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What’s new in pili industry

By pinoyfarmer | March 4, 2011
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MANILA, Philippines–It is always heartening to hear of positive developments in the different sectors in agriculture. Last week we were updated on the new developments in the pili industry in Bicol. The industry has gone a long way not only in terms of increase in hectarage but also in the improvement of the quality of the processed products. Two ladies who updated us on the latest developments are Dean Marissa N. Estrella of the Bicol University College of Agriculture and Forestry and Director Ninfa Pelea of the Bicol Consortium for Agriculture Resources Research and Development. Both of them are PhD degree holders and are also involved in pili research. They were together with Rene Bocaya, one of the successful alumni of BUCAF who is marketing manager of Finfish Hatcheries. The two attended the recent food expo at the World Trade Center – Metro Manila. They showed us samples of roasted pili nut in world class packaging produced by C.O.P. Pili Sweets and Pastries of Daraga, Albay. The roasted pili nut with garlic and chili is really export quality. Most of the contents are whole nuts with deliciously soft yet crunchy kernels. Cynthia O. Pereña also developed a new product she calls Wrapsody. This consists of sliced pili kernels that are wrapped with a wrapper made of egg and flour (like lumpia wrapper). Minda Yee of Sorsogon, according to the two ladies, has been successful in commercializing both the kernel oil and pulp oil for food and non-food uses. The kernel oil rivals the more well known olive oil and is used for cooking. It is also ideal as salad dressing. The oil is also an excellent base ingredient for cosmetics like lip balm, lipstick, lotion, ointment and spa massage oil. Erlinda Tan of Camarines Sur is another lady who is commercializing pili oil. Marissa and Ninfa are themselves currently researching on the characterization of pili oil. They report that pili oil is good for managing cholesterol. When used in frying food, the bad cholesterol will go down. It is good for managing one’s weight, they said. From every 100 grams of kernel, 60 to 70 ml oil can be extracted. In the case of pulp oil, only 5 to 10 percent oil can be extracted. Traditionally, the Bicolanos have been using pili oil for treating scalp and skin disorders. Pili planting is also becoming more commercial. One fellow who is planting more and more pili trees is Jose Amador of Brgy. Guinlajon, Sorsogon City. He used to have only five hectares of pili trees some eyars back. Now he has a 12-hectare pili plantation. Some are planted in between coconuts while some are planted as monocrop.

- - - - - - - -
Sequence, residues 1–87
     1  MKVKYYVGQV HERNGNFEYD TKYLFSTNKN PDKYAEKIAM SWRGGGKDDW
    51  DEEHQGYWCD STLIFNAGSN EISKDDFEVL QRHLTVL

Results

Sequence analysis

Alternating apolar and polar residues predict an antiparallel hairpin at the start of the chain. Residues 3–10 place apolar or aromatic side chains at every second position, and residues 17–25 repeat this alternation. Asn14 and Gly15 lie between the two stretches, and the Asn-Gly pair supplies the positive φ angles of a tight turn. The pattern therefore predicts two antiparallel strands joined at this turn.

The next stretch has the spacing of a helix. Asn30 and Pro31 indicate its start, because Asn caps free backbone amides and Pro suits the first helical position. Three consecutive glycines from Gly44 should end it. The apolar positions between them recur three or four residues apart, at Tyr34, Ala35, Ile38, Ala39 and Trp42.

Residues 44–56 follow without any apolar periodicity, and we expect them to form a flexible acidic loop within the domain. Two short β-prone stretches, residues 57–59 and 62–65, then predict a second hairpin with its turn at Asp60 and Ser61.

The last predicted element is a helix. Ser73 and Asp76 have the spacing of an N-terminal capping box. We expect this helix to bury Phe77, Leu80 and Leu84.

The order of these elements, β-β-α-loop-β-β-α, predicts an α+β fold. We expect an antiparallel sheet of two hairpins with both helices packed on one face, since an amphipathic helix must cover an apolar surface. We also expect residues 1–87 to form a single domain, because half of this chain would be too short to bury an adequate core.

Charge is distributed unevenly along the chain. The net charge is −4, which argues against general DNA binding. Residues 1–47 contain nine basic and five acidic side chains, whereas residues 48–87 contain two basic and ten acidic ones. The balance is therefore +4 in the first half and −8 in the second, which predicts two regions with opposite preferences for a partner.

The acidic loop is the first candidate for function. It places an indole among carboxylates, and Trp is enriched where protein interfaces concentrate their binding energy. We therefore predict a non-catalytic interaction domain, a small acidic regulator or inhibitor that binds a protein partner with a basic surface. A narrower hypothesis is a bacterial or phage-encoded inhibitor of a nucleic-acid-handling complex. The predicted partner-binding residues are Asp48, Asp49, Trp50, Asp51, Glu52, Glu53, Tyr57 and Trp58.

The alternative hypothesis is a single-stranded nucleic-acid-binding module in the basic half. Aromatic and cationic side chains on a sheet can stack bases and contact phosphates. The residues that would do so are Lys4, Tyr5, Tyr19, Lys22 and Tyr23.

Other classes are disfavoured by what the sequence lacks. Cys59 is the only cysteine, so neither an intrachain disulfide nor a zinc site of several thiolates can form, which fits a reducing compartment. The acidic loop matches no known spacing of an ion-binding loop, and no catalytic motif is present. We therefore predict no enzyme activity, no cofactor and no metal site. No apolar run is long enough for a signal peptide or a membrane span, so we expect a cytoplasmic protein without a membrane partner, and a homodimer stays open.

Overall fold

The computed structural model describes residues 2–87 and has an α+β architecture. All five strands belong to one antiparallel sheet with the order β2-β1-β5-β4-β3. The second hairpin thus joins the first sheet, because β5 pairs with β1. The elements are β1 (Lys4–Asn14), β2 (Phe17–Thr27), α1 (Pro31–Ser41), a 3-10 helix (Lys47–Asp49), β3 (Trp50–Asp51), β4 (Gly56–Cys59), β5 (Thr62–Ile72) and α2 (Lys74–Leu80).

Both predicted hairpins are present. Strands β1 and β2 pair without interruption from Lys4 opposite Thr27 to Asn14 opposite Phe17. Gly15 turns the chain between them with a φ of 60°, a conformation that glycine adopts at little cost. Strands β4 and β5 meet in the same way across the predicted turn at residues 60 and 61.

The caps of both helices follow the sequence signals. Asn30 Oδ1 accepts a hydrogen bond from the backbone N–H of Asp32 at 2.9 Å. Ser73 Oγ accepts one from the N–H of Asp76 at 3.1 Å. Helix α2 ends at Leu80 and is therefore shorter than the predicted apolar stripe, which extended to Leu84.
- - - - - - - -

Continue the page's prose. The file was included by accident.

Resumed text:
Link: www.mb.com.ph

Topics: Agri-Business | 3 Comments »

3 Responses to “What’s new in pili industry”

  1. Alex Sy Says:
    March 7th, 2011 at 5:15 pm

    Good Day!!

    I am interested in pili nut. How and where can I buy the seedlings? My area is planted with coco trees and suitable to plant pili in between. The soil is sandy loom.

    Thank you

  2. Alex Sy Says:
    March 7th, 2011 at 5:17 pm

    Good Day!!

    I am interested to plant pili nuts. Where can I buy the seedlings?

    Thank you.

  3. Khai Says:
    April 8th, 2011 at 2:12 pm

    sir, we have inarched pili seedlings here in our school Bicol University College of Agriculture and Forestry (BUCAF), Guinobatan, Albay, Philippines. please feel free to conact us: (052)-484-6336. or please just send me an e-mail if you are interested. thank you very much.